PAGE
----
What happened there?
Well, let's go back a little bit. In 2007 Virginia reregulated its energy utilities and created renewable energy standards. After five years there was this automatic reexamination of whether the standards and incentives were working. And the attorney general delivered a report in November of last year that basically said, no, these incentives were not working and they weren't making companies invest more in renewable energy. Here's Mike Tidwell, talking about what happened next.
There was an effort by the environmental community to repair, to fix this loophole. And instead of fixing the loophole, so that the standard actually incentivized the original intent of wind and solar, the General Assembly just repealed it completely.
So is Virginia simply not interested in providing incentives for renewable energy or is there some other explanation?
Well, as you might imagine, it's a little more complicated. If you talk with Dominion Power, they're the largest utility in Virginia, this change in policy is the right move. They say the reasons, again, are pretty complicated, but they say that before Dominion invests in new projects they have to go before something called the State Corporation Commission and prove that a new project is in the public interest. They argue that these incentives could end up stopping them from investing in a new renewable energy project because the incentives allow them to collect more money from rate payers.
So, for instance, if they're proposing a new solar facility, they'd go before the State Corporation Commission and say, well, we've got to raise rates to pay for the solar facility. The State Corporation Commission will say, you know, that's not in the best interest of Virginians and that would actually kill the project. Dominion Public Policy Director Bill Murray also points out that the incentives are still in place for a few things. And most importantly, the most costly renewable energy projects, nuclear and offshore wins.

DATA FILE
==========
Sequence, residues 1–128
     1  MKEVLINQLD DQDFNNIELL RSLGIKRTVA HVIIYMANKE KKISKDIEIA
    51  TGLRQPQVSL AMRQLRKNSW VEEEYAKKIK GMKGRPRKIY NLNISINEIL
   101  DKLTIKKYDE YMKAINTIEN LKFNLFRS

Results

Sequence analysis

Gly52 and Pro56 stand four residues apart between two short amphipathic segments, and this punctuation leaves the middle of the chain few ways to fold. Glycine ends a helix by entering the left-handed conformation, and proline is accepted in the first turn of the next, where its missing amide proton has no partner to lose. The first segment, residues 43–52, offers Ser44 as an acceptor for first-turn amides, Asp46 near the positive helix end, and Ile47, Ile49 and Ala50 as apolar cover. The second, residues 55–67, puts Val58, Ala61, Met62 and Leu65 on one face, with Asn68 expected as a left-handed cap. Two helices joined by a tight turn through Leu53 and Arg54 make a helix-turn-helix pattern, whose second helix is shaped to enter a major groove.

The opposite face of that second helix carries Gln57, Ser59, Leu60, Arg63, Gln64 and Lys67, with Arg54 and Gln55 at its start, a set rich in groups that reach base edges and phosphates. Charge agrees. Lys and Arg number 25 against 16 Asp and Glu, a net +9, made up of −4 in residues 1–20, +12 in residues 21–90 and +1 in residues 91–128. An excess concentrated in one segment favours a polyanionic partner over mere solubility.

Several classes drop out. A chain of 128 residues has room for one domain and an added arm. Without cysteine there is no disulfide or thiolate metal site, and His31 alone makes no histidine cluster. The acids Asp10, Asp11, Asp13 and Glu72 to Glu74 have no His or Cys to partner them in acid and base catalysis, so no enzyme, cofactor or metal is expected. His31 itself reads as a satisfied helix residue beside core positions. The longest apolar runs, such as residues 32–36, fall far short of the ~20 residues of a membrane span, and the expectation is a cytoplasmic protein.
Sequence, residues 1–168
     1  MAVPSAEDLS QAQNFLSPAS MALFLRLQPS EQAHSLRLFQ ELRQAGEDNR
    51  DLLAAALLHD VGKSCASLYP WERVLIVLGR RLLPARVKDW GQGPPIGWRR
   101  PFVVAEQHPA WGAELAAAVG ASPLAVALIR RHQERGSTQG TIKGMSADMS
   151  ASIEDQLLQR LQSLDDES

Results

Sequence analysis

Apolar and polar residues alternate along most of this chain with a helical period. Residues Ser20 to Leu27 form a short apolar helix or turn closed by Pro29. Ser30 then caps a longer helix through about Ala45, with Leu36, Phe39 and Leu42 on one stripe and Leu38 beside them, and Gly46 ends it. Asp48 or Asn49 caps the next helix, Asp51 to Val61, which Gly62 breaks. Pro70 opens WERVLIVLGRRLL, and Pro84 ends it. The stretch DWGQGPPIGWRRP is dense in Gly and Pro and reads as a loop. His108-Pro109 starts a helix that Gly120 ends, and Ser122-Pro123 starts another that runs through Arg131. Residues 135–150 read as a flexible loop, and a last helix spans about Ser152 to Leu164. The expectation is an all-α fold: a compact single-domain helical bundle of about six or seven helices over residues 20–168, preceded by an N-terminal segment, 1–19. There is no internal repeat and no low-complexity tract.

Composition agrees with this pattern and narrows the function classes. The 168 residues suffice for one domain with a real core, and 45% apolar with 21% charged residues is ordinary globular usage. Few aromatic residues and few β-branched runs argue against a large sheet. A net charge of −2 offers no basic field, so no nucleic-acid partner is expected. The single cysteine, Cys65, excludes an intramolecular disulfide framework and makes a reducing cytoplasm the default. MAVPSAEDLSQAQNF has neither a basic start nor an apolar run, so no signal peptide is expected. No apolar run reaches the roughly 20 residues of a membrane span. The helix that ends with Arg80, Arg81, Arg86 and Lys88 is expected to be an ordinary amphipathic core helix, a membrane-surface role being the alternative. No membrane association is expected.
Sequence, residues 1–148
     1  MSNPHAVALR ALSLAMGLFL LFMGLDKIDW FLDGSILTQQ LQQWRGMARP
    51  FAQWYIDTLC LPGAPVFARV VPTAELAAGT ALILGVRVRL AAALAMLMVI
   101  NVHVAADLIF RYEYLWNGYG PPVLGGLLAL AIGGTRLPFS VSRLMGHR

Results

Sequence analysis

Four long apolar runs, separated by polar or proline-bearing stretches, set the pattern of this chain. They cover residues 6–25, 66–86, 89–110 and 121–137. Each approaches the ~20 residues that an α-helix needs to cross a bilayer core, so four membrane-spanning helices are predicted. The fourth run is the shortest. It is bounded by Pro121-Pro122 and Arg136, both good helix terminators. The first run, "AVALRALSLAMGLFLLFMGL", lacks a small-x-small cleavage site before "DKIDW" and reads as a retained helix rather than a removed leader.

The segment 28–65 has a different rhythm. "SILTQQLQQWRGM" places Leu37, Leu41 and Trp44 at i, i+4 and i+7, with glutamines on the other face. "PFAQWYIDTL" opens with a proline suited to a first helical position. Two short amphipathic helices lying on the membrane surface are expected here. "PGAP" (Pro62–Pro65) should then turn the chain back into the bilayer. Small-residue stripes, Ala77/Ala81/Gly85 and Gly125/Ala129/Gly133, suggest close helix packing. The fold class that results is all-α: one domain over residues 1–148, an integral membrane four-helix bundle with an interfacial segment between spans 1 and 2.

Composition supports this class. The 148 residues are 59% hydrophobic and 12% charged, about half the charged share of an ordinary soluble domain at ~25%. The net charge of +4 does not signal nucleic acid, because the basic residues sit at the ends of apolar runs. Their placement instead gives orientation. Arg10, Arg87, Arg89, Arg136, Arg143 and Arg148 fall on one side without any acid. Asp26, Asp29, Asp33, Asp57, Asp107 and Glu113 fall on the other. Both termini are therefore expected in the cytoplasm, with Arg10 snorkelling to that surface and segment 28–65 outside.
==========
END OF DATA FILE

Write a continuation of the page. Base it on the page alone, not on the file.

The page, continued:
MR. BILL MURRAY
From our standpoint, the bill very much preserved our ability to invest in renewable projects in a way that makes sense for our customers and kept the incentive for the place where it is most needed, and that's for offshore wind.
All right. Looking ahead, then, what do you see, Jonathan, as being the points of contention heading into next year?
Well, you certainly can't forget about that hybrid car tax that passed as part of the governor's giant transportation bill. Environmentalists were very angry about a $64 a year tax for owners of hybrid cars in order to help the state pay for road maintenance. That hybrid car tax, environmentalists say that's punitive against people who are trying to help the environment. So in Virginia, that could be the biggest environmental policy fight of next year.
And we will stay tuned to see how that all pans out. Thank you so much for joining us today, Jonathan.
Jonathan Wilson is WAMU's environment reporter. We'd like to know which environmental issues you see on the horizon. Send an email to firstname.lastname@example.org or send us a tweet. Our handle is @wamumetro.